On the surface, it would seem easy enough to pick an enzyme (or an amount of enzyme) for an experiment. Just look at the concentration on the label, adjust accordingly, and you’re on your way. Alas, not with enzymes. The number of units used to measure enzymes is dizzying. However, it’s better now than it…

Ready to commercialise your research? Bioincubators are worth considering

Ready to commercialise your research? Bioincubators are worth considering

Finding adequate sources of funding is the primary challenge of just about any startup company, and biotechnology is no different. In fact, the regulatory, scientific and logistical requirements of making a new drug or device could easily be the most challenging of any industry. In addition, the global recession of 2007-2009 (combined with austerity measures…

Don’t Get Lost in RNA-seq Translation: RNA Sequencing the NGS Way

Don’t Get Lost in RNA-seq Translation: RNA Sequencing the NGS Way

DNA sequencing (PCR, Sanger or next-generation sequencing (NGS)) is a now familiar part of any molecular biology lab. But ‘RNA-seq’, the so-called “Cinderella of genetics”, is now becoming the belle of the ball, providing new insights into this most central molecule of the ‘central dogma’.  The many flavors of RNA Whilst genomic DNA is the…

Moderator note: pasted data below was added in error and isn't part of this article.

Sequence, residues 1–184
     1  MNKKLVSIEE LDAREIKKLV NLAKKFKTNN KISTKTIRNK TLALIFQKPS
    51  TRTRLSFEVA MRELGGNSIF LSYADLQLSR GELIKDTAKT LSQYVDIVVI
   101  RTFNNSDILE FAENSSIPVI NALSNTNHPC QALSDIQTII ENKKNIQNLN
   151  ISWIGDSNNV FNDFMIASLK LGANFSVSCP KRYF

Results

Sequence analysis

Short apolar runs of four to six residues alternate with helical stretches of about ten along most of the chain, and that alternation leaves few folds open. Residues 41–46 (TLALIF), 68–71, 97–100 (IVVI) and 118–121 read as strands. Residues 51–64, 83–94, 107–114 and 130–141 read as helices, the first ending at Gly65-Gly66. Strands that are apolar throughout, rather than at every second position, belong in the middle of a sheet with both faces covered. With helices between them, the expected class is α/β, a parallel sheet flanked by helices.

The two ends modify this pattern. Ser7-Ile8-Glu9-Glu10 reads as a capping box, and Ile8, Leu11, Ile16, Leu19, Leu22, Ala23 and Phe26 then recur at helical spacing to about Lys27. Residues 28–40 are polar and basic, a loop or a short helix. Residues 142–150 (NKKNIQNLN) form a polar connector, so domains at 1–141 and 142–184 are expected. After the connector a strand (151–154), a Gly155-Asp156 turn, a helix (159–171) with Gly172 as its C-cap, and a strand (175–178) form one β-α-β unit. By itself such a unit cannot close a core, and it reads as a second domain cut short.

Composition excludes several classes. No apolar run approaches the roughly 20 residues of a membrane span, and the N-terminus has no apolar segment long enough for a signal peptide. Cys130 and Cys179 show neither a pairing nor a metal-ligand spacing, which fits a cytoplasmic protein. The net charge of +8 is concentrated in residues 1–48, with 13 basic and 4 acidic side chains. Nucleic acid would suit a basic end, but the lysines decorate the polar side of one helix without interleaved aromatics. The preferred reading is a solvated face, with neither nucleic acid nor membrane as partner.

Benchside Matchmaking—Finding the Right Buffer for Your Experiment

Benchside Matchmaking—Finding the Right Buffer for Your Experiment

Buffers are often taken for granted, but they can make or break an experiment.  In previous posts, we’ve talked about the wide ranges of buffers available for biological research and the characteristics of a “Good” buffer. Organic buffers are not inert! They can interact with your experimental molecule, or change pH due to changes in…

What Makes a “Good” Laboratory Buffer?

Just about any molecular biology experiment will involve the action of enzymes or other active proteins. And when enzymes are involved, the pH of your experimental environment is going to change. This is because most enzymatic reactions involve the loss or gain of hydrogen ions (protons), which modifies the pH of the environment. Biological systems…

The Irish Potato Famine: NGS Unearths The Fungus Responsible For Over 1 Million Deaths

The Irish Famine (or ‘Great Potato Famine’ if you live outside the Emerald Isle) killed one million people and forced another million to leave the country between 1845 and 1852. It was caused by a blight on the country’s main food stock- the Irish ‘Lumper’ potato. Now, researchers have identified the genome of the blight…